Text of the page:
After a month of meticulous planning and creating an itinerary, I set off from home just after midnight to head south for le Chunnel.

From there, after half an hour sitting in my car as the train thundered along beneath the English Channel I emerged in the early hours in northern France with the same bizarre disorientation you get coming out of the cinema in the dark when you’d entered in daylight.

There I began what became an intimate and long-lasting personal relationship with the voice commands of my car’s navigation program. We very nearly split up when she unnecessarily took me on the Paris ring road as part of the return leg where I believe they were filming a new version of Death Race.

The first foreign leg, fraught with the confusion of being on the wrong side of the road, saw me driving from Calais to Bordeaux over about ten hours, with an additional ten percent of that spent stuck on a one-way system that gave me tantalising glimpses of the hotel I was supposed to staying at.

The following morning, setting off bright and early after three too many fresh croissants, saw me taking a stunning drive down the Pyrenees towards the first of my research locations.

That drive will forever be etched into my memory as the challenging, twisting mountain roads left my face aching with repetitive strain injury brought on by continuous grinning.

Due to the many errors made by my navigational companion, which may have been me ignoring her for the sheer enjoyment of driving, I found myself crossing through into Spain accidentally and then back to France before an inspiring tunnel lead me to a wonderfully inexpensive fuel station.

Trying out my (appalling) best French, I was shocked to be answered in Spanish and found out I was, in fact, a visitor of Andorra. That happy accident led to an hour of exploration and the inspiration for the seventh book of the series, even if I didn’t know that yet as I was researching book five.

Reluctantly getting back to my plan, I took to the mountain roads again to race the course of one of the rivers leading to my objective, Villefranche de Conflent. Literally the confluence of two rivers where a medieval walled town sat beneath a high hill crowned by an impenetrable defensive position called Fort Liberia.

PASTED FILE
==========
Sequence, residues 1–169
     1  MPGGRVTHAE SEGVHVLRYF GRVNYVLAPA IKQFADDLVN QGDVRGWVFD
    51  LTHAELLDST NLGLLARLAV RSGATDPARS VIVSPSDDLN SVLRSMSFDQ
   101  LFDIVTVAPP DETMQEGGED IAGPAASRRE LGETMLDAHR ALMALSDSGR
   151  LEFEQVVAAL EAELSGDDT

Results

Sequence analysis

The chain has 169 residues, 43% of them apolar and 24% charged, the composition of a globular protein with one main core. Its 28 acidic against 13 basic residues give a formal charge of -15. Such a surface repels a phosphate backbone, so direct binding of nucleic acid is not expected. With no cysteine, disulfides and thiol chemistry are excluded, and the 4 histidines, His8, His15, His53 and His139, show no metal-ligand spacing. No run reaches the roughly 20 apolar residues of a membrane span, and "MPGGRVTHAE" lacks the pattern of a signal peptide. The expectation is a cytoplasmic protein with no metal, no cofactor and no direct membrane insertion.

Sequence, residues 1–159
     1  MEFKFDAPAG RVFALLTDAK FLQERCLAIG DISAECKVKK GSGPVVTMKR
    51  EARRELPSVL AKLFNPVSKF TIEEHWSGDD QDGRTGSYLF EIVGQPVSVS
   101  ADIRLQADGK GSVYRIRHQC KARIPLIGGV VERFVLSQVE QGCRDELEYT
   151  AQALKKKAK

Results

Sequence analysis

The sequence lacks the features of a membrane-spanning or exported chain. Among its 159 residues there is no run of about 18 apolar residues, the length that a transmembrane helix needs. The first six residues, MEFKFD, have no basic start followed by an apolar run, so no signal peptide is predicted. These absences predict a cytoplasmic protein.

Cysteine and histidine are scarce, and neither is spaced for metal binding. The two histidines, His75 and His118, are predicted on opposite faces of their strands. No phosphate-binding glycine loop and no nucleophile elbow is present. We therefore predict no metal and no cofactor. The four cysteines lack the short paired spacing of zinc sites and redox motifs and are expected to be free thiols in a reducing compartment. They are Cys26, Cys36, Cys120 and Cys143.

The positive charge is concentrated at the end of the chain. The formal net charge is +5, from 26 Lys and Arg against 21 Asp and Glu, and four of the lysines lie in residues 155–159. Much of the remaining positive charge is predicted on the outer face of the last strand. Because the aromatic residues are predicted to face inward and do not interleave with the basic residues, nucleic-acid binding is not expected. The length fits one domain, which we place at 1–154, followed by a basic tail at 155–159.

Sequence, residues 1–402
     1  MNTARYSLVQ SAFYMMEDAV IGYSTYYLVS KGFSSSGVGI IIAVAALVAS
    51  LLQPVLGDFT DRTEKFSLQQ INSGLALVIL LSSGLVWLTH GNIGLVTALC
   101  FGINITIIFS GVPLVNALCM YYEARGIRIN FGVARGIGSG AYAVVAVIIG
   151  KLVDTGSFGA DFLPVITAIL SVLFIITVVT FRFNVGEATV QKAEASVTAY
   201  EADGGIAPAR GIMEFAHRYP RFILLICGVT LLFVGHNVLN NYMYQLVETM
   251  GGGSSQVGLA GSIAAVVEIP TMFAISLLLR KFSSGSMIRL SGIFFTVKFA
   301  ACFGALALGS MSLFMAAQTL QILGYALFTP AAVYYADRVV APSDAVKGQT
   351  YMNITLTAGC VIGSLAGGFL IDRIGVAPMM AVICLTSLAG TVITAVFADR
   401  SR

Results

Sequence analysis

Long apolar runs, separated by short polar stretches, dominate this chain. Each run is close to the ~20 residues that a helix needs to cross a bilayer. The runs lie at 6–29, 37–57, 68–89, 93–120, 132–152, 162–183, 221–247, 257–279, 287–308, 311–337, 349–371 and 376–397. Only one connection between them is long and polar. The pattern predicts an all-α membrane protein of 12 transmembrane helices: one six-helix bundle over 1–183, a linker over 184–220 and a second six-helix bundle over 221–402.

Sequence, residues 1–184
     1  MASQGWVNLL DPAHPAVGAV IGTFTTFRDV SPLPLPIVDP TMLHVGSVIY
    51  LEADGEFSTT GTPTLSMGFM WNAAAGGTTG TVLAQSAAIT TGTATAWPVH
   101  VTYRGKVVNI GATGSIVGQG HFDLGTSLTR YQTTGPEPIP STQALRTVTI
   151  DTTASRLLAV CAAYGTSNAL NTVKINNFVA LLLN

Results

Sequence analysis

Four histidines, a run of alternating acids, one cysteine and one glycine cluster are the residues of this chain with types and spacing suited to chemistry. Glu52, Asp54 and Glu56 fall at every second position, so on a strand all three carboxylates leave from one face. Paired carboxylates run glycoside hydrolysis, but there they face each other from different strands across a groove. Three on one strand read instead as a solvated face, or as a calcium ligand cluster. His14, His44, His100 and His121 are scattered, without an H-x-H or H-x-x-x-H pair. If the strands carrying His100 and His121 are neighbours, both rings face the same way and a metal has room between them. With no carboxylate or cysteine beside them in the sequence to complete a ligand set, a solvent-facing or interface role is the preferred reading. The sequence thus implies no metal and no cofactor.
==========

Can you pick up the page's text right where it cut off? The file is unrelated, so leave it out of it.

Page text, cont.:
These two places became so influential, so crucial to the story that without being there, without climbing the hundreds of steps carved out of the mountain itself and without walking the same ramparts my characters defended, I would never have created the story as it now exists.

Twice more I visited the town, getting by with my best (still appalling) French along with much pointing and smiling, until I’d walked every inch of the town until I could feel the cobblestones under my feet as I slept.

On what became my last visit there I saw a painting in the museum of a watchtower in a place called Sahorre which captured my frivolous attention enough to create yet another vital element to my books.

After a quick google I set off, opting to take the long walk as I had with the steps leading to Fort Liberia, and climbed that steep hill to spend a long time looking out over a cloudy-filled valley offering me line of sight for miles. I soaked in every detail I could, letting it infuse me in a way that sounds far too bohemian even to me, but that’s what I did.